The Cervical vertebrae are the top 7 vertebrae of the spine and form the neck, which supports the skull, or cranium.
The atlas is the first cervical vertebra (C1) and it forms the atlanto-occipital joint with the occipital bone, at the base of the skull. This joint allows the head to rock backwards and forwards.
The second cervical vertebra is called the axis (C2) and the joint it forms with the atlas allows the head to rotate and tilt.
The cervical section of the spine is very flexible and facilitates a wide range of movements of the head, providing we allow our muscles to be freely lengthening, rather than tightly contracting. Muscular contraction, which creates a downward compression on the vertebrae and discs, restricts the range of movement available to us and contributes to the painful symptoms caused by conditions such as spondylosis, stenosis and torticollis. Such habitual compression can even cause the intervertebral discs to prolapse.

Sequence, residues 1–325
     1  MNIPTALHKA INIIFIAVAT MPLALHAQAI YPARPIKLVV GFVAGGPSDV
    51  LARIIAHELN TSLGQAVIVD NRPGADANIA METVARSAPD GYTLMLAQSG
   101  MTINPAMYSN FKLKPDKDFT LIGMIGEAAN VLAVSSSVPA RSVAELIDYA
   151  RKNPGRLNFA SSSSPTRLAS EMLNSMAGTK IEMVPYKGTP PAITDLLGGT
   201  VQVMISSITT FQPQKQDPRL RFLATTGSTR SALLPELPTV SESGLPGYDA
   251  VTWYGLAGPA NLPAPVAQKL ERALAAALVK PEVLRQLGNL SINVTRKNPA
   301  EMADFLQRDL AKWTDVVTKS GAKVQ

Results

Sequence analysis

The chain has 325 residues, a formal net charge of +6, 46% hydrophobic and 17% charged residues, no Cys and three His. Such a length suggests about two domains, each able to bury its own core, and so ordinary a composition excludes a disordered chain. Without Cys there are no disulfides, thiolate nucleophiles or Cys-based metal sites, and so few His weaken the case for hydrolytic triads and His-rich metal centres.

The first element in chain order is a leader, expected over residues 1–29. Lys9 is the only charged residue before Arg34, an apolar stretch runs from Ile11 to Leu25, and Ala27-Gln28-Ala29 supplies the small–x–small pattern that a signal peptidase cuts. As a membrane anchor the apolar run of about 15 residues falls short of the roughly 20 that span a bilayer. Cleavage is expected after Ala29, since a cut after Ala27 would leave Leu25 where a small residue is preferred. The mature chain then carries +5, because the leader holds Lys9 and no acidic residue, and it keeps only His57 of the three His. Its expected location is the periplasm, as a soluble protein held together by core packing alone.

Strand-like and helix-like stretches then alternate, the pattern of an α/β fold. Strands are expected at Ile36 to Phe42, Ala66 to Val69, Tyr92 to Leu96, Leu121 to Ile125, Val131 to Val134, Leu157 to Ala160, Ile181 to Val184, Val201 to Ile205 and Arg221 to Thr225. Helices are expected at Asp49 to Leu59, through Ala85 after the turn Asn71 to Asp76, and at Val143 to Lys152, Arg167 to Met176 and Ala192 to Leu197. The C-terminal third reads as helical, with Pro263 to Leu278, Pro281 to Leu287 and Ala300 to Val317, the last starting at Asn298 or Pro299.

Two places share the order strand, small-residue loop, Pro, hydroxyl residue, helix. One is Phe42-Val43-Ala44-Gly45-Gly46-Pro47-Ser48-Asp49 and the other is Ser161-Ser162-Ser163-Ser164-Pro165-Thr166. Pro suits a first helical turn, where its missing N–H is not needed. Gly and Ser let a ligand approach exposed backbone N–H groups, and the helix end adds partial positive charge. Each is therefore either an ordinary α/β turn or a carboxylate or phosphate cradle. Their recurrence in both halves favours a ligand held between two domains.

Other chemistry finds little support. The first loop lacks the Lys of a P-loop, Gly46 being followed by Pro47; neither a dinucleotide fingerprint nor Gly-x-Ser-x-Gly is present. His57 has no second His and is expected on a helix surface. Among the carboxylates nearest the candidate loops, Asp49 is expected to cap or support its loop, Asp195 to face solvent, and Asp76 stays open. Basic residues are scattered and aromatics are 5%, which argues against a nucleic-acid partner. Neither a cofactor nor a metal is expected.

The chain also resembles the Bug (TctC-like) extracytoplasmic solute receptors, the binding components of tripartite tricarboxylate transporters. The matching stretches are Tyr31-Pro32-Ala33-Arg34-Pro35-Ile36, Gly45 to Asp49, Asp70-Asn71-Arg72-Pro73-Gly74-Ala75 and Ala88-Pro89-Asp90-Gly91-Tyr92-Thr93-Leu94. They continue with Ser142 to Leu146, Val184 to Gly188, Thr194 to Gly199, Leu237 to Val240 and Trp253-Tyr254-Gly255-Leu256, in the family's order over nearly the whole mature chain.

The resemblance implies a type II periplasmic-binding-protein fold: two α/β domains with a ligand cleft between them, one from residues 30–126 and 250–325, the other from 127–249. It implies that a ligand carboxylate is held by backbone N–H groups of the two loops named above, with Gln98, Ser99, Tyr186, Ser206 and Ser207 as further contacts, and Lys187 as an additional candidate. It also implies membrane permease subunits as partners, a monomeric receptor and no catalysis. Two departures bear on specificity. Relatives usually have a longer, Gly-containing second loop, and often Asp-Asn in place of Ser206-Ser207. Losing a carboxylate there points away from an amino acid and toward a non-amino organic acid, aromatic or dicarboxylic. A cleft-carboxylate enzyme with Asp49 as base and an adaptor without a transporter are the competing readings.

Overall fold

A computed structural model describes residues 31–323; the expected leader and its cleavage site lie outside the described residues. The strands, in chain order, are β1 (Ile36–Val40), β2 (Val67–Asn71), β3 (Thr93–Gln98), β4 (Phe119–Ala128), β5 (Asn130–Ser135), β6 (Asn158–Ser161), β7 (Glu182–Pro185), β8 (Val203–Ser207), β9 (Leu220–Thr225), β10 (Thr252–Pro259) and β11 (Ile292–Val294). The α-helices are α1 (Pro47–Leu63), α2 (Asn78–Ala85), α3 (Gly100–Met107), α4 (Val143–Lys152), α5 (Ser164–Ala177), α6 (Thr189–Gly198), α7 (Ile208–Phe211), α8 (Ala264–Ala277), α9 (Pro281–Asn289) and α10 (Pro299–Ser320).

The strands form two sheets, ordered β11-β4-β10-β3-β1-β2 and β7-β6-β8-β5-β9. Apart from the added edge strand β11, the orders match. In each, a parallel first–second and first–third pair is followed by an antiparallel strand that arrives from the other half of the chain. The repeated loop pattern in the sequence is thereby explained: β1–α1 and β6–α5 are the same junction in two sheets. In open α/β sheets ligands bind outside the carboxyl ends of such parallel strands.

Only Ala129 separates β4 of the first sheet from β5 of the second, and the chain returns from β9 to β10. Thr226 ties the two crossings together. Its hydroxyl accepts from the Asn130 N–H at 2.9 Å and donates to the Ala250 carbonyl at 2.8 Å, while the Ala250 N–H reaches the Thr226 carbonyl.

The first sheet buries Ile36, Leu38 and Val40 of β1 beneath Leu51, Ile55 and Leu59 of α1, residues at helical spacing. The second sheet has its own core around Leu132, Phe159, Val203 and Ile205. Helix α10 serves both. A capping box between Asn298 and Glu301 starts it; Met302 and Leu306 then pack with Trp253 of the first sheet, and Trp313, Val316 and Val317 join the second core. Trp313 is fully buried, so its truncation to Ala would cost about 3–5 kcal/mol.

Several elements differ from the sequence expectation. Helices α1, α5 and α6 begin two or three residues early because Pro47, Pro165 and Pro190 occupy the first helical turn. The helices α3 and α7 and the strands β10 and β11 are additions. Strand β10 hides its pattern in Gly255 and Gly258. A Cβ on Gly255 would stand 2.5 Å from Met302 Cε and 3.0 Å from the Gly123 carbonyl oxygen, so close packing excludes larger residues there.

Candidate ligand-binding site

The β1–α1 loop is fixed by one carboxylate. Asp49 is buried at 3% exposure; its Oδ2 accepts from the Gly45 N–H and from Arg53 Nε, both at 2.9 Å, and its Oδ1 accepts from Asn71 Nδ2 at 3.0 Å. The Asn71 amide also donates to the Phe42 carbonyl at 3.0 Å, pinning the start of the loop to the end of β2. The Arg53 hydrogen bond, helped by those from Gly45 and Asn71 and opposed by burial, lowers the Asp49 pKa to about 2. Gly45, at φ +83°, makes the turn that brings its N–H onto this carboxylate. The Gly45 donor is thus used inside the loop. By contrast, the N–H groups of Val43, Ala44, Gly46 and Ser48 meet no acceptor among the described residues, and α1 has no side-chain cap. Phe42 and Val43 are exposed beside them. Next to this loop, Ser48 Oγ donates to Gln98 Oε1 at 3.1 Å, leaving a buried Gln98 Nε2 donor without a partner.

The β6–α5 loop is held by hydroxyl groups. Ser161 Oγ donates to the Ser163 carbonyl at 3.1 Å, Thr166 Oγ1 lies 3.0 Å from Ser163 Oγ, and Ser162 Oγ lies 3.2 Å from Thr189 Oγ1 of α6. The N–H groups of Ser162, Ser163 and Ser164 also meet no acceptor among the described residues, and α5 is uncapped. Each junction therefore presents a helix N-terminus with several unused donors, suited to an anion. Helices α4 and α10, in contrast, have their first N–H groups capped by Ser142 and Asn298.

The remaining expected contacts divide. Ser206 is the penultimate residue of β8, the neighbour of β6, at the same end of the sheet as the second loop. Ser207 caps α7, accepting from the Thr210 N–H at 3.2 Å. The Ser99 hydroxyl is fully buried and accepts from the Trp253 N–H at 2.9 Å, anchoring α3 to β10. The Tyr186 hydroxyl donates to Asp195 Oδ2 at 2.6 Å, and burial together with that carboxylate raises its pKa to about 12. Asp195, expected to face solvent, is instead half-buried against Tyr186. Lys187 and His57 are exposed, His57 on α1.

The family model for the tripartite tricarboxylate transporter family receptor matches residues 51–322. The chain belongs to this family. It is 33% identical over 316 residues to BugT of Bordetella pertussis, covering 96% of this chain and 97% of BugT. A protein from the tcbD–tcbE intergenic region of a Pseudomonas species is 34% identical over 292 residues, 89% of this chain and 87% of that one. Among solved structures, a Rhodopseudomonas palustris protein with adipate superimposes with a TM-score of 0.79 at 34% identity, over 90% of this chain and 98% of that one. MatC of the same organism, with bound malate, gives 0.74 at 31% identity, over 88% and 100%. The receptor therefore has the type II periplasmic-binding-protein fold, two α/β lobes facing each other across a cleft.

Many people are not aware how high in our body the top of the neck actually is and are surprised to discover that the atlanto-occipital joint is roughly in line with the middle of our ears. This faulty sensory appreciation and lack of awareness as to where the top of the spine is, can adversely affect our poise and the way we use our body. In the Alexander Technique, a lot of attention is given to allowing this area to be free and lengthened, so that we can regain the integrity of the spine.